Receipt of an additional three years of service credit under Corning’s Executive Supplemental Pension Plan, but subject to the service limits under such plan.

 

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If however, Mr. Weeks is terminated for cause (as described above) or he resigns, he would: (1) be entitled to accrued, but unpaid salary (lump sum payment) and any reimbursable expenses accrued or owing to him; and (2) forfeit any outstanding stock option awards granted after April 25, 2002.

Severance Agreement—Other Named Executive Officers

Generally under the severance agreements an executive is entitled to severance payments if he is terminated involuntarily other than for “cause” (conviction of a felony or misdemeanor involving moral turpitude; material breach of Corning’s Code of Conduct; gross abdication of duties; or misappropriation of Company assets or dishonesty or business conduct that causes material harm to Corning).

In addition, “involuntary termination” of an executive does not include:

 

   

Voluntary termination;

 

   

Voluntary retirement at or after age 55;

 

   

Termination as a result of disability or death;

 

   

Termination of employment as a result of the sale of all or part of Corning’s business and the executive has an opportunity to continue employment with buyer for comparable total compensation; and

 

   

Termination as a result of a change in control of Corning if the executive has a separate change in control agreement.

Under the severance agreements the Named Executive Officer, other than Mr. Weeks, is entitled to receive the following:

 

   

Accrued but unpaid base salary, reimbursable expenses, vacation pay and the executive’s target percentage for the annual bonus plans multiplied by the executive’s salary, pro-rated to the last day of the month closest to the termination date (lump sum payment);

 

   

A severance amount equal to 2.99 times (in the case of Mr. Flaws and Mr. Volanakis) and two times (in the case of Mr. Gregg and Dr. Miller) the executive’s then base salary plus an annual bonus amount (an amount equal to executive’s salary multiplied by the executive’s target percentage in effect on the termination date under the Company’s Performance Incentive Plan and 5% target under the GoalSharing Plan) (lump sum payment);

 

   

Continued medical, dental and hospitalization benefits for 24 months;

 

   

In the calendar year following the year in which the termination occurs (subject to a six-month waiting period), the purchase of his principal residence by the Company upon request;

 

   

Receipt of an additional 2.99 years (in the case of Mr. Flaws and Mr. Volanakis) and two years (in the case of Mr. Gregg and Dr. Miller) of service credit under Corning’s nonqualified retirement plans, but subject to the service limits under such plan; and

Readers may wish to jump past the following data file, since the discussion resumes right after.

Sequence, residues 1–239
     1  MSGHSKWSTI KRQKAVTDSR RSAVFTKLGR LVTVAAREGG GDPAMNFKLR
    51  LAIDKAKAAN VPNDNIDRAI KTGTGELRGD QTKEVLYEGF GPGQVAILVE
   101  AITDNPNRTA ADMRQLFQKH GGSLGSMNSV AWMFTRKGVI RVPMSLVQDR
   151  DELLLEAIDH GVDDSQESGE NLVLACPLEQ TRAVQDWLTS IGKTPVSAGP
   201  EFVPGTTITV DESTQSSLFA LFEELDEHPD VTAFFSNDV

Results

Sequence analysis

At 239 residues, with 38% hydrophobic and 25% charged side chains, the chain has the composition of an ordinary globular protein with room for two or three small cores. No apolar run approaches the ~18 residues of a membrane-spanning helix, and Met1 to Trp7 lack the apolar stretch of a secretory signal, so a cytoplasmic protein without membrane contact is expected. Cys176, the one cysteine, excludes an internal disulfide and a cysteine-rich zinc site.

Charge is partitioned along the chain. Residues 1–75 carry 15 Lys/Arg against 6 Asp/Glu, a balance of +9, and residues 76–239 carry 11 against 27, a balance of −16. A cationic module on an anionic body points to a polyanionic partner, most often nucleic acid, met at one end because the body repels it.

Outplacement benefits up to a maximum amount of $50,000.

 

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The following table reflects the amounts that would be payable under the various arrangements assuming termination occurred at December 31, 2009.

Termination Scenarios (Including Severance, if Eligible)

 

Named Executive Officer

   Description    Voluntary    For
Cause
   Death    Disability    Without Cause

Wendell P. Weeks

   Severance Amount    $    n/a         $    n/a         $    n/a         $    n/a         $6,313,385
   Value of Benefits Continuation    n/a    n/a    n/a    n/a    45,000(1)
   Value of Outplacement Services    n/a    n/a    n/a    n/a    n/a
   Purchase of Principal Residence    n/a    n/a    n/a    n/a    200,000 to 1,000,000(2)
   Pension-NQ annuity    600,825    0    600,825    1,201,650    600,825
   Pension-NQ lump sum    n/a    n/a    n/a    n/a    n/a
   Pension-Qualified annuity    86,364    86,364    43,182    86,364    86,364

Peter F. Volanakis

   Severance Amount    n/a    n/a    n/a    n/a    4,931,108
   Value of Benefits Continuation    n/a    n/a    n/a    n/a    30,000(1)
   Value of Outplacement Services    n/a    n/a    n/a    n/a    50,000
   Purchase of Principal Residence    n/a    n/a    n/a    n/a    200,000 to 1,000,000(2)
   Pension-NQ annuity    461,455    0    461,455    922,909    461,455
   Pension-NQ lump sum    n/a    n/a    n/a    n/a    n/a
   Pension-Qualified annuity    70,456    70,456    35,228    70,456    70,456

James B. Flaws

   Severance Amount    n/a    n/a    n/a    n/a    4,541,362
   Value of Benefits Continuation    n/a    n/a    n/a    n/a    30,000(1)
   Value of Outplacement Services    n/a    n/a    n/a    n/a    50,000
   Purchase of Principal Residence    n/a    n/a    n/a    n/a    200,000 to 1,000,000(2)
   Pension-NQ annuity    938,228    0    938,228    938,228    1,025,683
   Pension-NQ lump sum    n/a    n/a    n/a    n/a    n/a
   Pension-Qualified annuity    125,807    125,807    62,904    125,807    125,807

Joseph A. Miller, Jr.